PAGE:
“Close the door! You’re letting out the cold air!” I can still hear Mom shouting this to the top of her lungs as my brothers and I were forever determined to drive her absolutely mad. I don’t think it was necessarily that we were rebellious sons or that we even cared that much about taking the time to close the back door. It just didn’t occur to us to do so. Or to turn off the water while we were brushing our teeth. Or to use a “disposable” cup over and over again until it was no longer capable of holding liquid.
It wasn’t until my own kids began to return the favor that my eyes were opened to a perspective that my mom spoke so passionately from. It’s all fun and games until YOU’RE the one paying the bills! Not only do I now understand, I honestly have become unreasonable and just plain irrational at times, much to the joy of my mother! My tolerance level for watching one of my children stand at the refrigerator with the door open is about three seconds. It just bugs me to no end! I can’t understand why they don’t make their decision BEFORE they open the door. Come on, people, have a plan! Get in and get out!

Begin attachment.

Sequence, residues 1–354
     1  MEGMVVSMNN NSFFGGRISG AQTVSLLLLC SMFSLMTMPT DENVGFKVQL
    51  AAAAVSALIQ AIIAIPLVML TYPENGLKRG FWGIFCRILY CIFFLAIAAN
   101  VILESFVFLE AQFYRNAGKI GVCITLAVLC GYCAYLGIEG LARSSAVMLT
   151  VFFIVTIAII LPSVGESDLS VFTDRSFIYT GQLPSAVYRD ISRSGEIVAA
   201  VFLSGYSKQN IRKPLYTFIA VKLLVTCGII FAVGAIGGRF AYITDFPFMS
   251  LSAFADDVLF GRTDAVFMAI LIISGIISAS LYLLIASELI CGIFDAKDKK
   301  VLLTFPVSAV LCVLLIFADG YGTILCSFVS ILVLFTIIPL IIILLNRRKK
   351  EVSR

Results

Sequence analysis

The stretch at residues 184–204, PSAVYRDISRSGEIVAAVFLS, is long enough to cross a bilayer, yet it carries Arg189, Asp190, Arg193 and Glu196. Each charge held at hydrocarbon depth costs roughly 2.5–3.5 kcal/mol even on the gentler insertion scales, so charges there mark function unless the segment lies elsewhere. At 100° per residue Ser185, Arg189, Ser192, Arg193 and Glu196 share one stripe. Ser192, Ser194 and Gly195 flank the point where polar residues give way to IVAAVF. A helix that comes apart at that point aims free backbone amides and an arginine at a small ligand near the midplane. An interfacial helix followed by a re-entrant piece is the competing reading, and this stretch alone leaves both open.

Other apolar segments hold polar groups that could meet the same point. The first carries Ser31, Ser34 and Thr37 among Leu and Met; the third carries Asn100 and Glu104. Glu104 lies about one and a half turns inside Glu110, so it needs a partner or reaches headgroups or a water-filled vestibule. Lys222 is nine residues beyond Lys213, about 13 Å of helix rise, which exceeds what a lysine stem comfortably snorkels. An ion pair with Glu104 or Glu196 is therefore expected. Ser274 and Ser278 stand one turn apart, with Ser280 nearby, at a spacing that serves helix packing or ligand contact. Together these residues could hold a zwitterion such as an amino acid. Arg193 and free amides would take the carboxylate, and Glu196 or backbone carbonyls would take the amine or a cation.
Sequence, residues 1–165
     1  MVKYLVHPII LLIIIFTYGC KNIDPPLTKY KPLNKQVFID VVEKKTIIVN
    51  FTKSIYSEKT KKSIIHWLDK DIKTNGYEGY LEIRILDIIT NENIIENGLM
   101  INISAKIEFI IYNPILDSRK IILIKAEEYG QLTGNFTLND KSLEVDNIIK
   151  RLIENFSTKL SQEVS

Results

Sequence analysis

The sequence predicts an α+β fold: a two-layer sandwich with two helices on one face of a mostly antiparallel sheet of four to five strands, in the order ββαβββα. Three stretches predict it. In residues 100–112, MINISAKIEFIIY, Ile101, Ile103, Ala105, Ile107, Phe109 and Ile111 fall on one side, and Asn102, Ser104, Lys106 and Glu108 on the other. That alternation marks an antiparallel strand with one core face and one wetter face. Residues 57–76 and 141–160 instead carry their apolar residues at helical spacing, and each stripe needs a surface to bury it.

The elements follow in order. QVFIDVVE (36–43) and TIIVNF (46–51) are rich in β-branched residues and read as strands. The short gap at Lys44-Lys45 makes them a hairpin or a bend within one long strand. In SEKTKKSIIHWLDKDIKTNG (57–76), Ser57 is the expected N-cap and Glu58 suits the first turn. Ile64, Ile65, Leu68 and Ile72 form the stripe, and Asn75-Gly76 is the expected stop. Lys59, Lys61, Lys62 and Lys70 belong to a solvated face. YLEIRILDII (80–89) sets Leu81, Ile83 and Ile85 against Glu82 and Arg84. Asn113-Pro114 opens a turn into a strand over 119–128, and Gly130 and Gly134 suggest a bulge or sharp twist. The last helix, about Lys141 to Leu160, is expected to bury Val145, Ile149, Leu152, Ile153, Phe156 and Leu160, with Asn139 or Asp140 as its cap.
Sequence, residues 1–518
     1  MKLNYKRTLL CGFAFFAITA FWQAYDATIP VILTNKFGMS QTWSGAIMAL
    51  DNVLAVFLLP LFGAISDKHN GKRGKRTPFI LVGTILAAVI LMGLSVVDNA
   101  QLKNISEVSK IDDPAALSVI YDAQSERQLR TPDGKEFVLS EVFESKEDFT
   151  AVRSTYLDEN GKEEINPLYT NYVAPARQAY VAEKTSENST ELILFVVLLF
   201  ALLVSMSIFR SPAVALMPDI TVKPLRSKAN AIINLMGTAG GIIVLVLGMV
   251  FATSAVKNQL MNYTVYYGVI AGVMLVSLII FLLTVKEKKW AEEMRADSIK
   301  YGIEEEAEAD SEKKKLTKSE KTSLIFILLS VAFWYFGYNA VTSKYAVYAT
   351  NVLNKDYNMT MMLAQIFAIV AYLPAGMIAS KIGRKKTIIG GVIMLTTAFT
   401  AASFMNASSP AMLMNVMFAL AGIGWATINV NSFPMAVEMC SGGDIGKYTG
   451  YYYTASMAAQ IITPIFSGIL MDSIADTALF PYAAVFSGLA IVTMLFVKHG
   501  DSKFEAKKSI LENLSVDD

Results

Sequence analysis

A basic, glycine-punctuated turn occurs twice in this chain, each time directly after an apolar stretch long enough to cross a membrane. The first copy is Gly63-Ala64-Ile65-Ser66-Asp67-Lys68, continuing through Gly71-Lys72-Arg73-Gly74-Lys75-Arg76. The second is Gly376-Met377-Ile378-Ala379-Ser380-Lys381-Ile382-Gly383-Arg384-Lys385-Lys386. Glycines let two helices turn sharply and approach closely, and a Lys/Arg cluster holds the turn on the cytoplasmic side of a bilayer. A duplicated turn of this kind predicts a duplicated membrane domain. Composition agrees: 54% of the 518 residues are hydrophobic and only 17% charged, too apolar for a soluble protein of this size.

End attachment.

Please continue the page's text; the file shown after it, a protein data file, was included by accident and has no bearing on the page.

While this is a common story in households across the land, this perspective disparity is something we witness quite often in the marketplace as well…between business owners and employees. For an owner, every penny counts with respect to the bottom line. Owners spend immeasurable time and energy conceptualizing and implementing efficient systems and processes that provide attractive products and services at prices that will create satisfied customers as well as yield a healthy company profit. Conversely, if I’m an employee simply working to collect a paycheck, I tend to not care WHAT the bottom line is. Sure, I suppose I hope that the company stays afloat so I don’t have to venture down the dreaded job search trail again, but most of the time profitability is the absolute last thing on my mind. Is it break time yet?